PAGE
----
HANOVER TWP. -- Patriotic residents of Northeast Pennsylvania answered the call Saturday by showing up en masse to pay final respects to a World War II veteran since the military can't give traditional honors during the coronavirus shutdown.
Hundreds of people waving flags lined roadways from a Back Mountain funeral home to a Hanover Twp. cemetery to see that Navy veteran Dalton Drake, 98, got the send off he deserved.
Following the fitting tribute, Drake was laid to rest in Oak Lawn Cemetery.
"On behalf of the Drake family, they are so unbelievably overwhelmed by the outpouring of support shown by so many today. They extend their sincere thanks and respect to you all. Thank you," Brent Snowdon, whose family owns the Snowdon Funeral Home that handled Drake's services, said in a Facebook post. "A personal thank you to all that took an idea and made it happen."
As it turned out, Drake wasn't the only veteran honored by the outpouring of support on Saturday.
Minutes before Drake's funeral procession arrived at Oak Lawn Cemetery, another procession approached and the hundreds of people assembled assumed it was the one they were there for. An organizer gave the orders to salute and the crowd obliged.
Family members of that man, Ronald E. Smith, 85, of Wilkes-Barre, a Navy veteran of the Korean War, could be seen crying from the unexpected tribute as his procession passed by en route to St. Mary's Cemetery down the road.
"They were happy. They couldn't have an Honor Guard either," said funeral director Joseph M. Jendrzejewski, who handled Smith's arrangements. "I didn't expect that many people. It was touching."
Those gathered for Drake's procession quickly realized they gave an expected tribute to another veteran -- and say they were happy to do so. Some joked it was a "trial run" for Drake's procession. When Drake's procession arrived, they saluted again.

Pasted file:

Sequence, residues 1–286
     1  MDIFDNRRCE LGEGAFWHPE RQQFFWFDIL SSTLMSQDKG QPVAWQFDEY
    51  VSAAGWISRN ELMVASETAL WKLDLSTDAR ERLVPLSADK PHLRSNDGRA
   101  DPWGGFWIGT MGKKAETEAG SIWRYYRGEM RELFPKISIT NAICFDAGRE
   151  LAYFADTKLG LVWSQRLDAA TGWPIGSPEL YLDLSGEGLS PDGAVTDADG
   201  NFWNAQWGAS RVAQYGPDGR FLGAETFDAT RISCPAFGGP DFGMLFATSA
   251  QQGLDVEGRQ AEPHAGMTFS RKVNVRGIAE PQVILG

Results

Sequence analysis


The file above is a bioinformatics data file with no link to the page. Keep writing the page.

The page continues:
The procession's entry into Oak Lawn Cemetery was met by a fly over by two airplanes -- a tribute Snowdon said he didn't anticipate. He said he wasn't sure who organized the flyover.
Days before Drake's funeral, Snowdon made a plea on Facebook for the community to line the funeral procession route since the military couldn't give Drake the customary honors. Veterans organizations and motorcycle groups took the message to heart.
"America showed up today," said Sheila Brandon, 51, of Dallas, representing the American Legion Riders. "It was very patriotic. No veteran should be buried without military rites."
Drake, who died in Bloomfield Hills, Michigan, is survived by his widow, the former Priscilla Swartwood, a Wilkes-Barre native whom he married in 1957. A native of Columbus, Ohio, Drake earned a chemical engineering degree from Ohio State University in 1943 before entering World War II. He served as a lieutenant junior grade aboard the U.S.S Cacapon.
Navy veteran Dave Jacobs, 64, of Nanticoke, attended Saturday's gathering wearing his old military uniform.
I squeezed into this outfit after 18 years. I figured I'd come out for this guy," Jacobs said.
Gary Lewis, 44, of Dallas, and other members of the BlackTop Warriors Jeep Club, were among those in attendance.
"This is pretty amazing under the circumstances," Lewis said. "We wanted to give this veteran the proper respects. This is about the veteran. That's why we are here. We love our country."
This article is written by Bob Kalinowski from The Citizens' Voice, Wilkes-Barre, Pa. and was legally licensed via the Tribune Content Agency through the NewsCred publisher network. Please direct all licensing questions to email@example.com.